Another virulence factor is cytotoxin-associated gene A (CagA), which is encoded by the cag-pathogenicity island (cag-PAI) and is the most extensively studied virulence factor of H. pylori for its cancer-causing actions. H. pylori strains carrying cagA (referred to as cagA-positive strains) were significantly more correlated with the exacerbation of gastric conditions and gastric adenocarcinoma than cagA-negative strains [39]. The cag-PAI gene encodes a type IV secretion system (T4SS), a protein complex that is critical for the translocation of CagA across the membrane. Following its translocation into gastric epithelial cells, CagA is localized to the inner membrane and immediately phosphorylated by members of the Src family kinase [40]. Subsequently, CagA binds to the SH2 domain-containing tyrosine phosphatase SHP2, which potentiates a downstream cascade of Erk/MAPK activity and affects the regulation of cellular proliferation, growth, and morphology, leading to deregulation of phase progression from G1 to S [41,42] and to an increase in the expression of proto-oncogenes c-fos and c-jun [43]. In addition, CagA phosphorylation induces activation of the transcriptional factor nuclear factor-kappa B (NF-κB) and production of the cytokine IL-8 in gastric epithelial cells [44,45]. NF-κB regulates many genes whose products are involved in angiogenesis, anti-apoptotic pathways, metastasis, enhanced cell cycle progression, and cytokine production. IL-8 has been reported to have an angiogenic role in several types of cancer [29].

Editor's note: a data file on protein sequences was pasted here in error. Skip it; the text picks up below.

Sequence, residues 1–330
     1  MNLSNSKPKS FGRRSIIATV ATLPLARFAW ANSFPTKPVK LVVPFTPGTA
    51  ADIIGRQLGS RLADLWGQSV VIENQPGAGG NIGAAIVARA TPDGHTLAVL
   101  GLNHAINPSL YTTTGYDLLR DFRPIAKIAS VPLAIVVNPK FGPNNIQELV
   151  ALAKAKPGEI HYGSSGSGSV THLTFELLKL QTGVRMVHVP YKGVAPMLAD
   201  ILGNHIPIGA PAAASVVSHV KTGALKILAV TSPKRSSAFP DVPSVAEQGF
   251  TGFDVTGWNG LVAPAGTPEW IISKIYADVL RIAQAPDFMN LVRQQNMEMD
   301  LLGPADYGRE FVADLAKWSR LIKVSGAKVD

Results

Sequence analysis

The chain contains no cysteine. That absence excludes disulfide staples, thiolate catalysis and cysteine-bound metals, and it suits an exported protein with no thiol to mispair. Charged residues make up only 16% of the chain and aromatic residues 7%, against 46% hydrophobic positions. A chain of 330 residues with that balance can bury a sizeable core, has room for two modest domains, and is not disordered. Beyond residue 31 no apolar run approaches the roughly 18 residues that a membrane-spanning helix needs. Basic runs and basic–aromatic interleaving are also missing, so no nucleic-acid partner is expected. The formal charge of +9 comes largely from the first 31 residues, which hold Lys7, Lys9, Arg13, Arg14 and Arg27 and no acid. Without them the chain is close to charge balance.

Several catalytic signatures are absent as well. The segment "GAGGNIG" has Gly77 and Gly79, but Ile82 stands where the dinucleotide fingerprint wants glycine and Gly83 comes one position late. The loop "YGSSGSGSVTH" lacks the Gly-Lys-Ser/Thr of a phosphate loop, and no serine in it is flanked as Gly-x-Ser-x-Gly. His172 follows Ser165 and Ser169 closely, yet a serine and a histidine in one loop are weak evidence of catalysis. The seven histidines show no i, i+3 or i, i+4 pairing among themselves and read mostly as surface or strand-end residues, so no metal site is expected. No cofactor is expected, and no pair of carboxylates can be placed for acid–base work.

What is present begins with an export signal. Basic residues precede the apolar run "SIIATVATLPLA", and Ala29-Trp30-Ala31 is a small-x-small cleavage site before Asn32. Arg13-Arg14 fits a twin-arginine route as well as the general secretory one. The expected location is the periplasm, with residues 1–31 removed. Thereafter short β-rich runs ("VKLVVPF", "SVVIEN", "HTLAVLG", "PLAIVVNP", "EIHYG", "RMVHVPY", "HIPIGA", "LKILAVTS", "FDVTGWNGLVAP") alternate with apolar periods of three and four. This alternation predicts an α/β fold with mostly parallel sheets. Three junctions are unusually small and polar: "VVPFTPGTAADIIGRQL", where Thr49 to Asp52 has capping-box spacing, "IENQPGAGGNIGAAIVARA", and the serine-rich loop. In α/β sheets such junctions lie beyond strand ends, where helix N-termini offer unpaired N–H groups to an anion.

Cholesterol-α-glucosyltransferase (CGT), encoded by the type I capsular polysaccharide biosynthesis protein J gene (capJ) catalyzes the glucosylation of cellular cholesterol into cholesteryl glucosides [46]. Cholesterol glucosylation dampens H. pylori phagocytosis and T-cell activation, leading to bacterial immune evasion [47]. Furthermore, CGT increases autophagosome formation, which enhances H. pylori survival in host macrophages by providing an intracellular niche [48,49]. This process also reduces autophagosome-lysosome fusion, which is a key step in eliminating intracellular pathogens. Furthermore, cholesterol glucosylation improves H. pylori-host cell binding and reorganizes lipid raft membranes, thereby promoting T4SS functions such as CagA translocation/phosphorylation. This activates NF-κB to promote IL-8 production, thereby aggravating inflammation [50].

3. Interplay between H. pylori and ROS Production to Induce Gastric Carcinogenesis